The Street relates the difficult education of Lutie Johnson, the protagonist; she has not yet learned to read the mythical signs and symbols of American culture with the disbelieving irony required by the conditions of her race and gender. At the opening of the novel, Lutie is intoxicated by such commonplace American images as Benjamin Franklin, self-made individuals, and white picket fences. By the conclusion of the novel, however, Lutie is filled with a new vision of herself, of the society around her, and of her place in that society—a society in which she had formerly fully invested her faith and her imagination. To this end, one of Lutie’s final thoughts in the narrative is the recollection of the words of a grammar school teacher who once proclaimed to her: “I don’t know why they have us bother to teach your people to write.” Lutie understands the rejected position in which she is placed by the views of the dominant society. In a similar vein, the final images of the novel are those of the garbage that lines and defines the Harlem streets, images with which the novel also began but which now recur with a stirring resonance. By the end of the narrative, Lutie begins to reconcile herself to the manner in which she is seen by those who control the signs, symbols, and opportunities of American culture.
The narrative begins with Lutie’s quest to find an apartment for herself and her son, Bub. Having inspected an apartment in the building superintended by Jones, Lutie puts aside her disappointment with the building; she is certain that she will eventually be able to better her lot. Once Lutie has settled into life in the building, her imagination releases her much of the time from the depression and oppression of her surroundings. She recalls the happy, early moments of her former marriage as well as her tenure working as a maid in suburban Connecticut, a tenure during which she was both enamored of and ambivalent concerning “model” suburban life. Lutie’s imaginings are interrupted by the bleakness of her surroundings, and much of the early tension of the novel revolves around this tension between her...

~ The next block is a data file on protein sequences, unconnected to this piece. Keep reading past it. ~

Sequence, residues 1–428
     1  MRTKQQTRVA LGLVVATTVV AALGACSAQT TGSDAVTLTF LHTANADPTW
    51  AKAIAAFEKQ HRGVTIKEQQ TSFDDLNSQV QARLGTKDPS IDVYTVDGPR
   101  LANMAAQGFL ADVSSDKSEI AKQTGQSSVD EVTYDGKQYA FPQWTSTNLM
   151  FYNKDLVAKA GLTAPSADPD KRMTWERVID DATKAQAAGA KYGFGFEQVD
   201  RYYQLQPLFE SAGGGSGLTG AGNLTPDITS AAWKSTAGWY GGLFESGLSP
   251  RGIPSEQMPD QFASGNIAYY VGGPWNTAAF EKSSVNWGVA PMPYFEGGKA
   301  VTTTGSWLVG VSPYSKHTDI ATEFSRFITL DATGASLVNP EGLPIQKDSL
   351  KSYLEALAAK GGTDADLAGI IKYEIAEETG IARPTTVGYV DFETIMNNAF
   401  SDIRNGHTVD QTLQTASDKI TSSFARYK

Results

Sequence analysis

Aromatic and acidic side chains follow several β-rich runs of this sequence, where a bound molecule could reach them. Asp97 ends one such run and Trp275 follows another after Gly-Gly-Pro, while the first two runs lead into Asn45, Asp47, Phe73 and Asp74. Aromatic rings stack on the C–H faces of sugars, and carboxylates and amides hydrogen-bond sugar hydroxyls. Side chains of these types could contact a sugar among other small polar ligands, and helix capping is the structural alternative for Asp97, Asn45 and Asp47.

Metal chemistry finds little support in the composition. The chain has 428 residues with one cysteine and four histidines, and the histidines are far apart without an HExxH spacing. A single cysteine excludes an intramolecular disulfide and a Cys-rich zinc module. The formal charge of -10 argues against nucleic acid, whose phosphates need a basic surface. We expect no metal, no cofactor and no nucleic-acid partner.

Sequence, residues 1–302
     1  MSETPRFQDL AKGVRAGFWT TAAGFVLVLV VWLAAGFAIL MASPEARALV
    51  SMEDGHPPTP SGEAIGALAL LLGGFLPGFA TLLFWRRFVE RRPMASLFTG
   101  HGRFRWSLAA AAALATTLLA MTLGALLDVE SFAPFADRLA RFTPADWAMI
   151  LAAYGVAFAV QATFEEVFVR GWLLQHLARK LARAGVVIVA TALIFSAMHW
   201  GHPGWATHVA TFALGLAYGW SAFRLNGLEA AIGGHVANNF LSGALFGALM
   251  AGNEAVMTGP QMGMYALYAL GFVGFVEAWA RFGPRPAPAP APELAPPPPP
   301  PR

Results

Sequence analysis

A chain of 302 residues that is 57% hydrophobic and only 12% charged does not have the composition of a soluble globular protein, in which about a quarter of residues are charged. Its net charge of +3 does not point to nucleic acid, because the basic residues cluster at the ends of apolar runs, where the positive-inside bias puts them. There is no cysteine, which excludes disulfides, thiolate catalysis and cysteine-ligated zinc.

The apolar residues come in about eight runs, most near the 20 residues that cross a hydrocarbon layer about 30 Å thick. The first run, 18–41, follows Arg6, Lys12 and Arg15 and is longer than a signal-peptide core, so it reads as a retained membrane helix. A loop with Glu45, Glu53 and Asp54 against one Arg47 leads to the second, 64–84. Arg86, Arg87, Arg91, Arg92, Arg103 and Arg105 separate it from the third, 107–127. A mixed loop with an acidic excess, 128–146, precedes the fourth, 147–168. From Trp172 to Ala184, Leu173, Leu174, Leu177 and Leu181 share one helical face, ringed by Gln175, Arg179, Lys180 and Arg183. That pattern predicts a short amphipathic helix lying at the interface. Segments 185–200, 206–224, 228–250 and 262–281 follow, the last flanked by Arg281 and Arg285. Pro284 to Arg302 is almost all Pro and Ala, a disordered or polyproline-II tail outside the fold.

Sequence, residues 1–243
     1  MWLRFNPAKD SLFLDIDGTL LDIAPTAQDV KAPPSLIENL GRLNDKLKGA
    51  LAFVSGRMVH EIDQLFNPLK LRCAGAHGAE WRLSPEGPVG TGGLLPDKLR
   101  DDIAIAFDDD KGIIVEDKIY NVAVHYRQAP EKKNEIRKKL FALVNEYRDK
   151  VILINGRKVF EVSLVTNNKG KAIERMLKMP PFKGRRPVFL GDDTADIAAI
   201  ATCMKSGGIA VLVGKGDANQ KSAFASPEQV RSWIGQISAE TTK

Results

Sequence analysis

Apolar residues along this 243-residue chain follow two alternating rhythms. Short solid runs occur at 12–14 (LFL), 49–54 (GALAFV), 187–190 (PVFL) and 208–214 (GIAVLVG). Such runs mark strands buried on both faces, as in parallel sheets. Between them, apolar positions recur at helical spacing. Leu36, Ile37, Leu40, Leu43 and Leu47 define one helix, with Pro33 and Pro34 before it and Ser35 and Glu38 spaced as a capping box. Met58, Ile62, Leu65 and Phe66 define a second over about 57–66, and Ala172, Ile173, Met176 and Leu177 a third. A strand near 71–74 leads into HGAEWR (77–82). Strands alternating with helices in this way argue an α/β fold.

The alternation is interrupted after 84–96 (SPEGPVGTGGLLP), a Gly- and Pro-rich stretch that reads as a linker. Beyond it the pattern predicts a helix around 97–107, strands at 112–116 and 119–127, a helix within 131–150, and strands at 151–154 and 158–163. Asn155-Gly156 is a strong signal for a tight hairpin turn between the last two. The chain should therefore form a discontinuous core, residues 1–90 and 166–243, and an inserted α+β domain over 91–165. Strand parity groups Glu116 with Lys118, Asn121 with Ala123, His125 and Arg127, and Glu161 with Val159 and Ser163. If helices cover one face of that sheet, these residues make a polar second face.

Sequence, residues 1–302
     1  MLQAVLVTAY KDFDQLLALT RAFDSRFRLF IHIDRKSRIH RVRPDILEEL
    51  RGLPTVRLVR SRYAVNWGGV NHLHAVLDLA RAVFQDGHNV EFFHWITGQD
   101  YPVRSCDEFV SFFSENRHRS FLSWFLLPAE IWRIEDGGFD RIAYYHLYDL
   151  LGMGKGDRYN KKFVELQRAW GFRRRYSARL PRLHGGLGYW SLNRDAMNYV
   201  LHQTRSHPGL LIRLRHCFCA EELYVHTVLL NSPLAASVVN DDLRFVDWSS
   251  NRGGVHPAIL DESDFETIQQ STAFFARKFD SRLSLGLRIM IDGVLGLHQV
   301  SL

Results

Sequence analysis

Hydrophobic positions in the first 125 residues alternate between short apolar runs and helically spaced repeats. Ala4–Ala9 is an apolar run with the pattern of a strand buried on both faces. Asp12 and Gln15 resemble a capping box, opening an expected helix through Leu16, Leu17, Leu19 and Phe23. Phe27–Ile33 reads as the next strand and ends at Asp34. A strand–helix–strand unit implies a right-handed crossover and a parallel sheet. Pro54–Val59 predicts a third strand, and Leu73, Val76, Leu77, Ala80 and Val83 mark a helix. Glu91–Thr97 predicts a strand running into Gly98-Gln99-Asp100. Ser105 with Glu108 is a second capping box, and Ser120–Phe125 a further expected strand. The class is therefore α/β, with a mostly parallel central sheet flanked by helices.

(The entire section is 876 words.)
The Street follows the foredoomed struggle of a young black woman to escape the street and to evade what the street threatens to do to her and to Bub, her young son. The street is 116th Street in Harlem. The time is the 1940’s; World War II is not yet over.
Lutie Johnson has not come to the street by choice. Lutie had taken work as a domestic with the Chandlers, a white family in Connecticut. The job required that she live apart from Jim, her unemployed husband. In her absence, Jim took up with another woman. Unable to turn to her alcoholic father for support, Lutie has had to do the best she can for herself and her son Bub. At the moment, this means a low-paying job and a walk-up apartment on the top floor of a dismal building.
Three other inhabitants of the building play an important role in Lutie’s story: Jones, Min, and Mrs. Hedges. Lutie senses at once the powerful lust of Jones, the superintendent. Her resistance generates in Jones a rage he takes out on Min, the most recent of a series of shapeless middle-aged women with whom he has lived. Min finally realizes that her only course is to leave him and to hope that some other man will take her. The repeatedly frustrated Jones is determined to get at Lutie somehow. He wins the trust of Bub, and when Jones’s obsession with Lutie turns to hatred, he makes Bub his instrument in a plot to destroy her.
Mrs. Hedges takes an immediate, even protective, interest in Lutie, but her interest is not innocent. Lutie represents interesting possibilities: A nice white man is interested in her.
The white man is Junto, who operates the Junto Bar and Grill and a number of other enterprises in Harlem. He and Mrs. Hedges have been associates for a long time, ever since they met while both were picking through garbage. Junto has come a long way since them. He is now the power behind Mrs. Hedges’s operations; he has powerful connections, and he knows what...
(The entire section is 797 words.)